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The Developmental Editor - Hatchet man or Saviour

About a year ago, I wrote a blog saying that I had finished the first draft of my second novel, "A Remembrance of Death", and hoped to publish it during 2024. So what's been happening?

Having completed the manuscript I thought I ought to send it out to some friends and family and ask for feedback. Of course, friends and family have their own lives and the feedback came in dribs and drabs. There seemed to be a split between men and women. Men liked the story and the pace, while women tended to want more characterisation and emotional context. It was only then that I realised that I had written a story and not a novel and had that face-palm moment.

The last eight months have therefore been taken up with re-writes. These involved developing each of the characters so that the reader gets to know who they are. Some of the characters are there to be liked and others hated. Some characters grow with the story and go one a journey of discovery. As I arrived at Christmas 2023, I had completed the re-write and decided that the manuscript was now sufficiently complete to allow me to send it off to a developmental editor.

I used a developmental editor with my first novel: "Of All Faiths & None". A developmental editor is there to ensure that the book works. They will have experience in the book industry and will know what is likely to be successful and what modern publishers are looking for. They look at three main things: the structure, narrative and language. The structure of the book involves its length, order and pacing. Most modern novels that are published are less than 100,000 words in length, and while some people will tell you that the length of the book doesn't matter, the truth is that many publishers are not interested in publishing large, expansive novels, as the costs of printing these detract from their profit margin. Narrative deals with characters, major scenes and other big picture elements. In my first novel, the Battle of the Somme scene was cut down considerably as the developmental editor thought I spent too long recounting the gruesome details of the battle. They thought that the battle scenes added little to the story about the relationship of the characters, although many beta readers had commented that these scenes were some of my best writing. Language is fundamentally important as the dialogue between the characters creates the tension that makes the reader want to turn the page. Long, rambling, verbose narratives setting out the views of a character on esoteric ideas are to be avoided! Also, the developmental editor will hopefully pick up on any inconsistencies, for example, whether a character is right handed or left handed.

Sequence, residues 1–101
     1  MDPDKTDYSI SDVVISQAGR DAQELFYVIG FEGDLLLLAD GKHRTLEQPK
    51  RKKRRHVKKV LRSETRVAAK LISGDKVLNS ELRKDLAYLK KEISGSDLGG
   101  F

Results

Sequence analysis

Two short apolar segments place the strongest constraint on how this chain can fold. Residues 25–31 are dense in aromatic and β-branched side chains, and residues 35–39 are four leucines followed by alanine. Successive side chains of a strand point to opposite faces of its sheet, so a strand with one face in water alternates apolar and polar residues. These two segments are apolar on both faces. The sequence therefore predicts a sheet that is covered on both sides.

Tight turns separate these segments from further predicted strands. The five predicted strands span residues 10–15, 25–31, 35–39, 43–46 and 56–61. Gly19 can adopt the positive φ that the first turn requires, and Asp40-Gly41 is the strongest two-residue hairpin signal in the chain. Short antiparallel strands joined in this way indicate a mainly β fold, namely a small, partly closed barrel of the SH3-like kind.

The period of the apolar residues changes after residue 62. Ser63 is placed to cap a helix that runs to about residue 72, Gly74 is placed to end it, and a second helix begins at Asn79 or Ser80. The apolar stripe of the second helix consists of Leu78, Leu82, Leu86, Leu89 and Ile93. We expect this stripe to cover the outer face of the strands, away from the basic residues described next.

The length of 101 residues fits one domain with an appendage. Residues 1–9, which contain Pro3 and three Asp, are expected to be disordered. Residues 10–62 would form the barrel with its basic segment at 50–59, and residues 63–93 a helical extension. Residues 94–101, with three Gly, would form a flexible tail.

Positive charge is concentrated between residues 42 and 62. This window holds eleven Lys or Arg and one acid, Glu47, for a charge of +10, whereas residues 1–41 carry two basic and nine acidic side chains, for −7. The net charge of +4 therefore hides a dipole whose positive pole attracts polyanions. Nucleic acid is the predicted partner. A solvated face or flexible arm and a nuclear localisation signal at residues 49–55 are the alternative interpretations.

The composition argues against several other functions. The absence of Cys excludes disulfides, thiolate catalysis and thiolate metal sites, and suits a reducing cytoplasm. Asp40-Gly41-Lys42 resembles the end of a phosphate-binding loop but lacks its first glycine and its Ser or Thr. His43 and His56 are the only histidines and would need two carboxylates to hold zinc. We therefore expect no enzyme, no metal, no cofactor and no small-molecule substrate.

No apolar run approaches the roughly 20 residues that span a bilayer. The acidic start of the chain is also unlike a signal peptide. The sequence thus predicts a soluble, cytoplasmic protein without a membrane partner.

I think that a developmental editor is fundamental in the writing process, although there are many people who would disagree with me. Sometimes it is impossible for a writer to see the wood for the trees. As a writer I know why my characters act in the way they do, and because I know this I do not always put it down on paper . The developmental editor should pick this up and will want me to convince the reader of the motives of the characters. I am hoping to have the edited novel back by the mid February 2024, and will then need to consider and implement the amendments proposed. This is likely to take another month or so. I then arrive at the "fork in the road" stage. Whether to go the traditional publishing route or self-publish - however - that is for another blog.

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